Oppenheim has a gift for the details, and his slow, observational style is well-suited for catching the minute ways in which we feel small, even in old age. At another point, we see Dennis lying on his back. He’s shirtless and watching the spinning ceiling fan. Oppenheim directs our gaze to a protrusion from Dennis’ belly button. A doughy lump, a ball of fat and viscera that bulges from his golden tummy. Dennis has an umbilical hernia, not rare at his age as muscles weaken and the contents of the abdomen protrude through the opening that connected us once to our mother. Tethered through that opening, we floated in our amniotic bath. Drank and peed, peed and drank. Maybe that’s what draws people to Florida — deep in our collective unconscious, the desire for not just submergence but return. To pools, jacuzzis, beaches, the ocean, and long before that the primordial soup that begat us all. For contained in every childish scene at The Villages, every faint feeling of summer camp and every gathering of an extracurricular club, by adults who have supposedly reached the last, latest stage of maturity, is a counterargument when it comes to the retirement ethos: why move on so linearly, why break with the past and the work and the life you forged within it, when life is such a circle anyways?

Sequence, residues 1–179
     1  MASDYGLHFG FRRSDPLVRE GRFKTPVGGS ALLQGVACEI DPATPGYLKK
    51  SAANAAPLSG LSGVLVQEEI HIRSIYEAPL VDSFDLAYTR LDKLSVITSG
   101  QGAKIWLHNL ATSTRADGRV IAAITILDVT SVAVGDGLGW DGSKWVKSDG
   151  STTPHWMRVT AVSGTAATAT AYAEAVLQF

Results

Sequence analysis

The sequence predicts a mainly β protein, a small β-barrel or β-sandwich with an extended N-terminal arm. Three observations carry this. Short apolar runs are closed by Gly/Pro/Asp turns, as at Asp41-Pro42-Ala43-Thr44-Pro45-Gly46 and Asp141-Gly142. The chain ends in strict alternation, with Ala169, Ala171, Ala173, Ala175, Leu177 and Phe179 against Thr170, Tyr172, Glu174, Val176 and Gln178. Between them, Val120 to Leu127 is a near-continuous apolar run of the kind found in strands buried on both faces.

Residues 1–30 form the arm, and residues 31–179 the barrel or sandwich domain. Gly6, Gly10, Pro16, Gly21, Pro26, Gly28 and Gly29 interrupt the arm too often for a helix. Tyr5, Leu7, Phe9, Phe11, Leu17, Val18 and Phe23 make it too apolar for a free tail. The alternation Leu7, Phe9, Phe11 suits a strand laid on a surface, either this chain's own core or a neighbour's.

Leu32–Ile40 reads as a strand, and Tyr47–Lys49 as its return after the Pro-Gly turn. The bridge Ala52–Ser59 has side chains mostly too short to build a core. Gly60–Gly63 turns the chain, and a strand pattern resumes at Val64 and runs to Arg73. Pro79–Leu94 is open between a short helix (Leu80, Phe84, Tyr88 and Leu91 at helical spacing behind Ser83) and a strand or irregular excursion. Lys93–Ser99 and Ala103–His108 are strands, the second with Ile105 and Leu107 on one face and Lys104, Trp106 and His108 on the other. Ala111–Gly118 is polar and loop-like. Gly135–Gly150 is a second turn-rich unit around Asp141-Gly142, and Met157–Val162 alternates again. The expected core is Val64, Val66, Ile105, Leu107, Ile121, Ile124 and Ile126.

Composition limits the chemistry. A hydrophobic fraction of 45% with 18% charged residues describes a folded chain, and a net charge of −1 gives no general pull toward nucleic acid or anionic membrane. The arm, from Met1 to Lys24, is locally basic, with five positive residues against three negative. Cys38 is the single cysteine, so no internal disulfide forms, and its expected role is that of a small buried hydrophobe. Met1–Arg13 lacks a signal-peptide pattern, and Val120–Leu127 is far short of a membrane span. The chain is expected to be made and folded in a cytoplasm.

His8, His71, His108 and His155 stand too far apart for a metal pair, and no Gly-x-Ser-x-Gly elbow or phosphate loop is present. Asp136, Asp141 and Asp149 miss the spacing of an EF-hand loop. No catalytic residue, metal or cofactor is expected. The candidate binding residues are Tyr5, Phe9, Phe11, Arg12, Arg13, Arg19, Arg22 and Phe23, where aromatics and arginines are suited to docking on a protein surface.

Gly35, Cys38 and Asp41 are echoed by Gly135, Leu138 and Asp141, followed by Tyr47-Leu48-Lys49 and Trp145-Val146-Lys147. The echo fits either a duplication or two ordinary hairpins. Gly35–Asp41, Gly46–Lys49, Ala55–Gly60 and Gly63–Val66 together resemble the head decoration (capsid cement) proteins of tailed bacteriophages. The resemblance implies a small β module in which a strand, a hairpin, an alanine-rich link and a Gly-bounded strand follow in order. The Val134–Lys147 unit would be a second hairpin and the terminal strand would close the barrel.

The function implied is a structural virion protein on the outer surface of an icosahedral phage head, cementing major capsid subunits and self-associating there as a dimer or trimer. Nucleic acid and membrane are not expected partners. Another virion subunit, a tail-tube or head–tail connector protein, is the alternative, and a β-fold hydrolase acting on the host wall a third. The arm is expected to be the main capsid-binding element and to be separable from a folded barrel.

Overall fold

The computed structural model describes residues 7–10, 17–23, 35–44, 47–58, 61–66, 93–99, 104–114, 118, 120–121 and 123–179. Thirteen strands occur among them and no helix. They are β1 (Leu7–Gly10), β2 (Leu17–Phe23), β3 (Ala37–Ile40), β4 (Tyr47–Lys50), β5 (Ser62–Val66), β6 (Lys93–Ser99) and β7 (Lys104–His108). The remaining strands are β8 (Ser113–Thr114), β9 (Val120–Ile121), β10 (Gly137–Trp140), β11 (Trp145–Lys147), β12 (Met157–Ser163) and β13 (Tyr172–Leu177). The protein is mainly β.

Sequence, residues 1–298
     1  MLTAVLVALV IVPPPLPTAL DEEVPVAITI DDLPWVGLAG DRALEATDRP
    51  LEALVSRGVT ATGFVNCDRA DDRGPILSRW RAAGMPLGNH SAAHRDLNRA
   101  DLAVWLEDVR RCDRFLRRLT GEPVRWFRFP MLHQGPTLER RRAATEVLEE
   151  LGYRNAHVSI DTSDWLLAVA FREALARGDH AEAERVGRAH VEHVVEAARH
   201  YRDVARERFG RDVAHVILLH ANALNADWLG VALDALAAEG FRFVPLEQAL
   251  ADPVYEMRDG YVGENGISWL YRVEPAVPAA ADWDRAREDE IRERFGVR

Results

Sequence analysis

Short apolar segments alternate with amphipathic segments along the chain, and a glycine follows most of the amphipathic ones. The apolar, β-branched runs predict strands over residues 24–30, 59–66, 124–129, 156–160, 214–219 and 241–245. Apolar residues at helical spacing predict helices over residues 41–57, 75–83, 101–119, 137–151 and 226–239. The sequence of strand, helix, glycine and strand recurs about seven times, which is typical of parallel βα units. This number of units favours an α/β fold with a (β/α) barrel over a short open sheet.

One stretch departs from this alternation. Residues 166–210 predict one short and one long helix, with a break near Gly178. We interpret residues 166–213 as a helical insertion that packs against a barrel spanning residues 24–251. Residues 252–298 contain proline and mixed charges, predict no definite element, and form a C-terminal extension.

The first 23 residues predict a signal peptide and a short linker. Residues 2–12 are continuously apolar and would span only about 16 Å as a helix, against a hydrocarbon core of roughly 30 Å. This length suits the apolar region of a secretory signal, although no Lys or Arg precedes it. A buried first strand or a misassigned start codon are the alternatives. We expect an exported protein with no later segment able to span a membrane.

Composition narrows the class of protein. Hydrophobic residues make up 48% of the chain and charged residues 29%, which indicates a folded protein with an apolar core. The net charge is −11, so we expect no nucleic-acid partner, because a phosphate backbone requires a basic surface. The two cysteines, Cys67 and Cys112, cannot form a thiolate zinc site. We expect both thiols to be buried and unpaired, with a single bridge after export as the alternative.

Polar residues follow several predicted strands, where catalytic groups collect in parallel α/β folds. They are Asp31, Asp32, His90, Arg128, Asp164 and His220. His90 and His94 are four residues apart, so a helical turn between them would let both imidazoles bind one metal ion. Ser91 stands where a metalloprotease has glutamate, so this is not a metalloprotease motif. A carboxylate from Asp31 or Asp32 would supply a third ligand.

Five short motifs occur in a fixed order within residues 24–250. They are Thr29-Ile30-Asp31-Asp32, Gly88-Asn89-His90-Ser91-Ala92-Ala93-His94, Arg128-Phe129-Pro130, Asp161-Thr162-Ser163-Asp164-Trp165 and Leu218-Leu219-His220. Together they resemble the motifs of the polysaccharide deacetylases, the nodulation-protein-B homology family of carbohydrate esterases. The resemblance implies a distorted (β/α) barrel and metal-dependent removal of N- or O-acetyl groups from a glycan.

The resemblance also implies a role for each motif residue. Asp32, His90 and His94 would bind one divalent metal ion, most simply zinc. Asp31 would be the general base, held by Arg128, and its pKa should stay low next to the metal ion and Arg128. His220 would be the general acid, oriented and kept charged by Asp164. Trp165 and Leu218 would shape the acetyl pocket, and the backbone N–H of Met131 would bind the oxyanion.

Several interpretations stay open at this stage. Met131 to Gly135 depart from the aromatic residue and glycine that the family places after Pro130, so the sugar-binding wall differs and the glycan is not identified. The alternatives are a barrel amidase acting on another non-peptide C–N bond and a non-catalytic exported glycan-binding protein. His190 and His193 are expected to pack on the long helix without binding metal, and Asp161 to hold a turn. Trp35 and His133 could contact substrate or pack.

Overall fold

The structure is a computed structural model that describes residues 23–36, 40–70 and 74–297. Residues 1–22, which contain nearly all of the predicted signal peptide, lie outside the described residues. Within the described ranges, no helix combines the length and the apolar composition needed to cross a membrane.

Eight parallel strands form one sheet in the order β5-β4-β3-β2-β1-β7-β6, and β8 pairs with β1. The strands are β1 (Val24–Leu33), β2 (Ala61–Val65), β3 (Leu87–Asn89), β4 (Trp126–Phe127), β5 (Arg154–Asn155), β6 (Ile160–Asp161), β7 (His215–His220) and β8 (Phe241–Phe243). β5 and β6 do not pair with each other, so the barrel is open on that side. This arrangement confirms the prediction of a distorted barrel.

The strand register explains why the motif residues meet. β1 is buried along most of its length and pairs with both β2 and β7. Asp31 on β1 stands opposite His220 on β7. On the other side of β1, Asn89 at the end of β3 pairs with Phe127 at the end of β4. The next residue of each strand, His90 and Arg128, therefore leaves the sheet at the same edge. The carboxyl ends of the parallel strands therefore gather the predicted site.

Feeble, needy, and alone, in his 80s and looking for a woman to care for him, Dennis is closer to childhood than ever before. And then, improbably, he picks up the phone and calls her. His mother.